FIRE-FIGHTING AT FORT WORTH.
Chief Celia, who was recently somewhat severely injured while on duty at a fire in Fort Worth, Tex., reports that his department of forty-two men (of whom three are substitutes), divided into six companies, answered 161 alarms; traveled 120 miles; raised 2,560 feet of ladders; used 2,460 gallons of chemical fluid; laid 45,950 feet of hose at fires; and served in actual fire fighting 128 hours and fifty-five minutes. The value of property at risk was $764,190; amount of insurance at risk, $445,868.33; total amount of loss, $45,255.10; insurance paid, $41,871.45; actual loss, $3,283.65; number of fires in wooden buildings, 102; in brick, stone,and iron buildings, thirty-three; other than building fires, twentysix; number of fires at which the loss was “nominal” or less than $100, 118; loss from $100 to $500, fourteen; from $500 to $1,000, fourteen; from $1,000 to $2,000. ten; from $2,000 to $3,000, three; from $3,000 to $4,000, one; over $,000, one. The total expenses for running the department for the year amounted to $28,000, of which $24,540 was paid out in salaries alone. The valuation placed upon the buildings (five in all), is $47,750; on the apparatus, $46,797.45; on the Gamewell fire alarm system, $12,495.95. The one one aim and motto of the Fort Worth fire department is, “Efficient fire service.” The good work done by Chief Celia and his men shows they have reached that goal.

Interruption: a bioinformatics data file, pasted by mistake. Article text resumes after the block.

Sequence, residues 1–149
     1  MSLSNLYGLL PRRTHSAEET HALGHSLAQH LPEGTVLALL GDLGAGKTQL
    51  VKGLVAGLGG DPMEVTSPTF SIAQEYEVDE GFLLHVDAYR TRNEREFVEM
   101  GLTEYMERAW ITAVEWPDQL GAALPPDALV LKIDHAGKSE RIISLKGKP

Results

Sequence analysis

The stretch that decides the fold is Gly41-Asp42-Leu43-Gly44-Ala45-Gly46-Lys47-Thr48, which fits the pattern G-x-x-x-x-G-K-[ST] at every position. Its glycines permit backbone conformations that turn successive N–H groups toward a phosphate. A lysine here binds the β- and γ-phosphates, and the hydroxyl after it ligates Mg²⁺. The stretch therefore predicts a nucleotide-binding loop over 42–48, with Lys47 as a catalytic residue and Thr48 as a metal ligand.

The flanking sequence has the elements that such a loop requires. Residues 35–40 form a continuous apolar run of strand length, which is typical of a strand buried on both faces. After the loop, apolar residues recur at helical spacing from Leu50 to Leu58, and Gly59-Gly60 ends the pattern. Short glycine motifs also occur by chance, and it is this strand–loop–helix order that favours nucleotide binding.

At Fort Duchesne, Price, Utah, the quartermasters’ stables were burned, and nineteen mules perished. This is the second fire within a week. It is suspected that the Ute Indians, who are preparing to escape back to Colorado, were the incendiaries, and hoped thereby to destroy the cavalry equipments so as to prevent pursuit.